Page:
Amazing Mediterranean yachting locations in 2021? A luxury sailing yacht charter creates the opportunity for an uplifting and memorable escape, with the salt on your skin and the wind in your hair. Delivering access to remote bays and inlets due to a generally shallower draft than a motor yacht, sailing yachts also offer unparalleled tranquillity, with ultimate reliance upon the wind. Romantic, liberating and exciting, a charter on a sailing yacht is the ultimate getaway to fuel your deepest passion for the ocean. From the perfect winds and sailing conditions, to the best hidden bays and secret spots to discover, we have highlighted some of the top global locations to fully relish the opportunity of chartering a sailing yacht.
Croatia is a firm favourite European destination for anyone looking for a sailing holiday. This country consists of many picture-perfect islands, historic towns, and wonderful local culture. Croatia is full of natural beauty and is an easily accessible country for sailing around. Some of the top cruising destinations for a holiday in Croatia include Dubrovnik, Split, Kornati, Zadar, and Hvar. There are also smaller islands, like Vis and Korcula that offer incredible experiences.
Sailing around Europe: It’s safe to say, with its hugely diverse cultures and highly varied geography, that sailing around Europe is on innumerable bucket lists. The Greek islands will strike a chord with many, as each set of islands offer charterers something wholly unique. The Ionian on Greece’s west coast is dotted with delightful villages including Kioni on Ithaca or Fiskardo on Kefalonia, while the Cyclades chain to the east boasts gorgeous islands such as Mykonos, Ios and the incredible Santorini. In nearby Turkey, Bodrum on the Gulf of Gokova sees keen sailors flock from all over the world, and for good reason. Here, they experience untouched coves on the water and invigorating nightlife and impressive restaurants on the coast. Those more interested in Croatia will find over 1,100 islands to explore, made all the easier with reliably gentle winds and a myriad of beautiful harbours. If Italy is more your style, the Aeolian Islands just off of Sicily provide considerable environmental variety, including the unforgettable black sands of Stromboli and the hot springs of the island of Vulcano.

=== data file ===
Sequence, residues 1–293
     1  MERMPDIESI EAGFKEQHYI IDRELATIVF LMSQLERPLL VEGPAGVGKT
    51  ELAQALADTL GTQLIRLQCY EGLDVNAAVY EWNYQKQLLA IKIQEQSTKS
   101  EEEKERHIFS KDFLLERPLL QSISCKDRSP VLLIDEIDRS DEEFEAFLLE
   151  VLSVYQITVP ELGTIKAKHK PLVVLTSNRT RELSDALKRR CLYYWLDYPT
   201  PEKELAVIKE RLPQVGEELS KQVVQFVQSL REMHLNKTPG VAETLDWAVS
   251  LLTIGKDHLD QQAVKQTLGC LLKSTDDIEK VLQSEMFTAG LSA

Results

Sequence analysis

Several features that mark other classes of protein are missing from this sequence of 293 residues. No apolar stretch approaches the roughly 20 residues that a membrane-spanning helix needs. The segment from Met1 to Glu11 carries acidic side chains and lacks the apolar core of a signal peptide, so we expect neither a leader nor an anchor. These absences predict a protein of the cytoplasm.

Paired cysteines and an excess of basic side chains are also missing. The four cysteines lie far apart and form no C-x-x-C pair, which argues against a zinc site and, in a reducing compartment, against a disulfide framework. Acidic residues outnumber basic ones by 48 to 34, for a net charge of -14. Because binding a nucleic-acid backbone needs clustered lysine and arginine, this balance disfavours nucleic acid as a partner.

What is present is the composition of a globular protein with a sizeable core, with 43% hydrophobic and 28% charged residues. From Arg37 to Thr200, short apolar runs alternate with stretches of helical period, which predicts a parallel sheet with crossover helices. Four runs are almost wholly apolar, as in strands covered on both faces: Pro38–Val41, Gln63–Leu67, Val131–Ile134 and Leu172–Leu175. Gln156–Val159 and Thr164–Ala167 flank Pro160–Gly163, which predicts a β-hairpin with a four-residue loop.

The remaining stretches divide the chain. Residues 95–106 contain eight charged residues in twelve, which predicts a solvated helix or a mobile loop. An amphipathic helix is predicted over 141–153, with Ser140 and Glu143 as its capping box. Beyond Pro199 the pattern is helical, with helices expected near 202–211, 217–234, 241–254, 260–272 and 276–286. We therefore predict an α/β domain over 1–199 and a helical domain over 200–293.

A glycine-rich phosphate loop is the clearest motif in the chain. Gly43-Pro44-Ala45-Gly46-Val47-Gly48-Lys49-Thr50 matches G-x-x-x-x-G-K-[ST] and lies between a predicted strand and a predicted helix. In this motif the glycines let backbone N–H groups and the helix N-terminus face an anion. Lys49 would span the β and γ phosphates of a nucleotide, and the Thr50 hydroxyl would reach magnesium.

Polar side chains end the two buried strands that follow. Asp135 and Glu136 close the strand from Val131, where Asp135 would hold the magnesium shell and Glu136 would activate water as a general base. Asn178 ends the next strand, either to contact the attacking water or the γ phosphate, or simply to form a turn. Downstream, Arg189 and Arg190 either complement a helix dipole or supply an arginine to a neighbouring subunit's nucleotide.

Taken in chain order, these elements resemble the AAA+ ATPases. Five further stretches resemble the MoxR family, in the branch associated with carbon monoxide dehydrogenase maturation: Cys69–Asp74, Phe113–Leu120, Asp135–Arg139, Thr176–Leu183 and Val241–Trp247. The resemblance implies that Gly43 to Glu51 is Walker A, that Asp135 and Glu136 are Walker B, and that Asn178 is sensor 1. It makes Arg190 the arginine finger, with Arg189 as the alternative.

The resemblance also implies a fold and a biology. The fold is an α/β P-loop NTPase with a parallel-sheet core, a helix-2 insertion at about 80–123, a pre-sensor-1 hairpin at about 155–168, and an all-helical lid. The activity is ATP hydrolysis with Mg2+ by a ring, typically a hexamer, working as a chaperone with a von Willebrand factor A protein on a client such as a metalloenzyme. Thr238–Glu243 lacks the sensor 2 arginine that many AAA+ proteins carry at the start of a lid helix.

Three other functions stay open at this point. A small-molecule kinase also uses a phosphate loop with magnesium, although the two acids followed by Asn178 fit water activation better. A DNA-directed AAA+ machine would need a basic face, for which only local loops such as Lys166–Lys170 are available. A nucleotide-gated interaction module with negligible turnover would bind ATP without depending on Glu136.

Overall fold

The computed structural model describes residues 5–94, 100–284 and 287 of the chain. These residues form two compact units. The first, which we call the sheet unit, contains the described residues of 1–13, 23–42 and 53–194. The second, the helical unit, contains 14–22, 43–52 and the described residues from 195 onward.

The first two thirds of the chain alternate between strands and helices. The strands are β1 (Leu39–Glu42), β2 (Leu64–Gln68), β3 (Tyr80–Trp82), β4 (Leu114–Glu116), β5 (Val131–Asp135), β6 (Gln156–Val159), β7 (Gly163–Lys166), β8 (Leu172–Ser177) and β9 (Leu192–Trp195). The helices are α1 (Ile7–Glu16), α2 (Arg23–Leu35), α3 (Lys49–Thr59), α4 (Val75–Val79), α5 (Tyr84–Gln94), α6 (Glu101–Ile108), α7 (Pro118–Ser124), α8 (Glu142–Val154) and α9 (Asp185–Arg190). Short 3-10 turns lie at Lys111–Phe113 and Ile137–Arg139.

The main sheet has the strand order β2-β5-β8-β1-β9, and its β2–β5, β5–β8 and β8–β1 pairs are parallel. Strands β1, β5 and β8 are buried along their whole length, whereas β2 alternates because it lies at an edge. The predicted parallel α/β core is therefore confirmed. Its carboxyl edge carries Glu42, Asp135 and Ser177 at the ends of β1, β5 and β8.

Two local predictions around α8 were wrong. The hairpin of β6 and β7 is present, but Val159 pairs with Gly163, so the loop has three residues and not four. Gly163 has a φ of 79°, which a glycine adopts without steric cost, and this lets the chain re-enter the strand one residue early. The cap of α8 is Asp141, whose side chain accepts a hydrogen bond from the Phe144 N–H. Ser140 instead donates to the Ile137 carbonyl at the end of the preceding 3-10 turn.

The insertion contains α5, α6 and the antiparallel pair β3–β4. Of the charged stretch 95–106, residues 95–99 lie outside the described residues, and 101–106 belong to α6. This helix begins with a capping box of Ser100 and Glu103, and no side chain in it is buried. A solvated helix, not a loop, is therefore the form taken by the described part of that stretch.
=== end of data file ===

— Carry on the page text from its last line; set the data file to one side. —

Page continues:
A summer sailing trip in the Mediterranean Sea is a dream vacation that can quickly come true. Find additional details on the best Mediterranean yacht cruises in 2021. As one of the countries with the longest Mediterranean coastlines and countless sailing spots and hidden gems, Italy is one of the top sailing destinations in the Mediterranean. This beautiful European country is home to some of the most popular Mediterranean destinations such as Sicily, the Amalfi Coast, Capri, and Sardinia.
When you begin planning a luxury yacht charter it is important to be aware of what is included in the cost of booking your dream charter yacht. Although a yacht will have a base charter fee, this may or may not include additional expenses such as food and fuel and this is subject to the terms and conditions within the charter contract. There are various types of charter contracts and which one applies to you will depend on where you wish to cruise. Fuel can be another cost and, again, it depends on how much the yacht cruises and how fast, too. Time spent at anchor will include the fuel for the generators, while shore-side electricity when at a dock is also an extra. Don’t forget that fuel is also charged for the tenders and water toys, so you’ll pay for the fuel used while zipping around on the jetskis.